An e-book scanner

After seven years of litigation, Google and the Association of American Publishers have settled the dispute over Google’s practice of scanning books, and both sides are agreeing to play nice. According to Publishers Weekly, Google will “acknowledge the rights and interests of copyright-holders,” while U.S. publishers can “choose to make available or choose to remove their books and journals digitized by Google for its Library Project.” Because the settlement is private, few of the conditions were made public. But some experts suspect that much more happened behind closed doors than either side is willing to let on. "The publicly described terms sound indistinguishable from the terms Google has offered to its print partners for years," said New York Law School Professor James Grimmelmann. "If that's all, it's hard to understand why this deal took so long."

Bidding on Lena Dunham’s unwritten book, Not That Kind of Girl, has reached $3.6 million.

Despite stating that they would not, under any circumstances, carry any Amazon-published books, Barnes and Noble is having some trouble getting rid of the damn things. Moby Lives reports that Amazon books are showing up in Barnes and Nobles across the country—in New York, one “Amazon-affiliated” book was even placed on a featured table. When reached for comment, the chain blamed local stores for stocking the books, and ordered them to remove any Amazon books from their shelves.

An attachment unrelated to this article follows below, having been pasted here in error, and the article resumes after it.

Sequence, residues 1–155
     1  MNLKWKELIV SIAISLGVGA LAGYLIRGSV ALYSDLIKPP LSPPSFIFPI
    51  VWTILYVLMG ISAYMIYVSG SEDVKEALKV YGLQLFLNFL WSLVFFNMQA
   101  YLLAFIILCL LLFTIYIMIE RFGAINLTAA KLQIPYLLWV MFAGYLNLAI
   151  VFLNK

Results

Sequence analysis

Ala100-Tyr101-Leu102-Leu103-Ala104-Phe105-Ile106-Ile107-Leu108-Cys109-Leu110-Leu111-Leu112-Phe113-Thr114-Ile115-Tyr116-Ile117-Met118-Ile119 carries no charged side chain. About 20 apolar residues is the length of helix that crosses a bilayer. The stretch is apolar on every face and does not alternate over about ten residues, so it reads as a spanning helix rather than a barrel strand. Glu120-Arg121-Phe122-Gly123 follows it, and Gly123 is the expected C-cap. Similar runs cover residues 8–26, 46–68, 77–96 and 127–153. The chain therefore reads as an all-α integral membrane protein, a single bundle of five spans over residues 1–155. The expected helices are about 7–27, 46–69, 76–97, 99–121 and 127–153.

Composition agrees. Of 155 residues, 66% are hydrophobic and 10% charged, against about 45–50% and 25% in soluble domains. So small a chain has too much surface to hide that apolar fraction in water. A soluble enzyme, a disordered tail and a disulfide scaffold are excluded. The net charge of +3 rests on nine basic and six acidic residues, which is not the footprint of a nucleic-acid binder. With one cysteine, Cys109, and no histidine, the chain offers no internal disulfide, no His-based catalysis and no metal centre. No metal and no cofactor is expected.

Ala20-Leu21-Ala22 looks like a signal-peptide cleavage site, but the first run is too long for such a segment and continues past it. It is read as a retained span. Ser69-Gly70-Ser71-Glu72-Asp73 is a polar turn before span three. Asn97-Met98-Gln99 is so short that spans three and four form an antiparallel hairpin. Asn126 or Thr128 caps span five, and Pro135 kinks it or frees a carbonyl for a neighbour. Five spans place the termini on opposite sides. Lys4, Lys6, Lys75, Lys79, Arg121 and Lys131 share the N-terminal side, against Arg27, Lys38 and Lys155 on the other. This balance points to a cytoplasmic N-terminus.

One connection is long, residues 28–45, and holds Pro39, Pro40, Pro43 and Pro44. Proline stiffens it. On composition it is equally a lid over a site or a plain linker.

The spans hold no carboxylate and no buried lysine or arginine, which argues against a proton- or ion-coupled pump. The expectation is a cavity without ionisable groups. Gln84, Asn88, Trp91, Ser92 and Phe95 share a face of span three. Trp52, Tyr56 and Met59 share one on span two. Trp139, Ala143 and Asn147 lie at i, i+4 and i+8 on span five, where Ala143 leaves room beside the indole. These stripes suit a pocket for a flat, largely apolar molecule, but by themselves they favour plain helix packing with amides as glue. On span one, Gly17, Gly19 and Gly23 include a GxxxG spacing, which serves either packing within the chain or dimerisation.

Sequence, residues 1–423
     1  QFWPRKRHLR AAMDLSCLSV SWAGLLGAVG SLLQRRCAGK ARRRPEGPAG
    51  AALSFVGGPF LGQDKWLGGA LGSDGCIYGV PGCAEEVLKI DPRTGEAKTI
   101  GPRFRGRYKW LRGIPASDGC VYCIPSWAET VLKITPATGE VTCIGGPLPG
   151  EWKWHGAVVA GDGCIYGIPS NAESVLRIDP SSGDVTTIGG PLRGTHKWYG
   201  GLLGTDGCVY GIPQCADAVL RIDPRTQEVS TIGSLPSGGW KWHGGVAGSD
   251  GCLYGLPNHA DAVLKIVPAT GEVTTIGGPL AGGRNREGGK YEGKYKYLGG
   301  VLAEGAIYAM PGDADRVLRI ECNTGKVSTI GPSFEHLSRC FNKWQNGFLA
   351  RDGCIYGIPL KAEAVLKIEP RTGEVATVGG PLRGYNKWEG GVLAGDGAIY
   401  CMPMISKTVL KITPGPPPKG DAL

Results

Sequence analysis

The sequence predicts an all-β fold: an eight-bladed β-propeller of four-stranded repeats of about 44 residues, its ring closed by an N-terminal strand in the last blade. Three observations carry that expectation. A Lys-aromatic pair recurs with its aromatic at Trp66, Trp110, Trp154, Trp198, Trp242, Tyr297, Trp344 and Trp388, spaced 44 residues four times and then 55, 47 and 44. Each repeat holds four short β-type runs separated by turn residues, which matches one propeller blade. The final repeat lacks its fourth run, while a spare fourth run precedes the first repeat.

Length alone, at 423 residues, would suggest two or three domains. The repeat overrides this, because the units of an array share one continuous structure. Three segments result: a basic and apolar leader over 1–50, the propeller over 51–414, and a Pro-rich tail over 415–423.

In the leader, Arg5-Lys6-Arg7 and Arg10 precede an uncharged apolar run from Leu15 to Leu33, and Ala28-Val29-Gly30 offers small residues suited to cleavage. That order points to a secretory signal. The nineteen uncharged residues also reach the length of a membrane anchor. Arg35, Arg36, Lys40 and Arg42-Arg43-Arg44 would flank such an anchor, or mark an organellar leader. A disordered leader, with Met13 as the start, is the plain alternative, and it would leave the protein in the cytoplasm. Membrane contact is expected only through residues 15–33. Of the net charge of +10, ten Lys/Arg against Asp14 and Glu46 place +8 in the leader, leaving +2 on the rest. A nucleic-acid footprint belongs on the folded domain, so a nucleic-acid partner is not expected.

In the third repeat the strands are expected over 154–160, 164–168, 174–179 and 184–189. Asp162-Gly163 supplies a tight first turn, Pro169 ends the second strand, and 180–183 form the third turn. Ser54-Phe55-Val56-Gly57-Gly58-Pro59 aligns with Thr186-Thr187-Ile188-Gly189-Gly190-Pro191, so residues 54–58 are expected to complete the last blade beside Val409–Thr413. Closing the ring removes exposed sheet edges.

Steve Jobs’s high school girlfriend and the mother of one of his children is going to write a memoir about the late Apple founder. Chisann Brennan met Jobs at Cupertino High School in California, and in an article for Rolling Stone, noted that even “at 17, Steve had more than a touch of the cool sophistication of a Beat poet.”

At the New York Review of Books blog, Tim Parks reflects on the singular weirdness of having a book adapted not just for the screen but for an entirely different culture.

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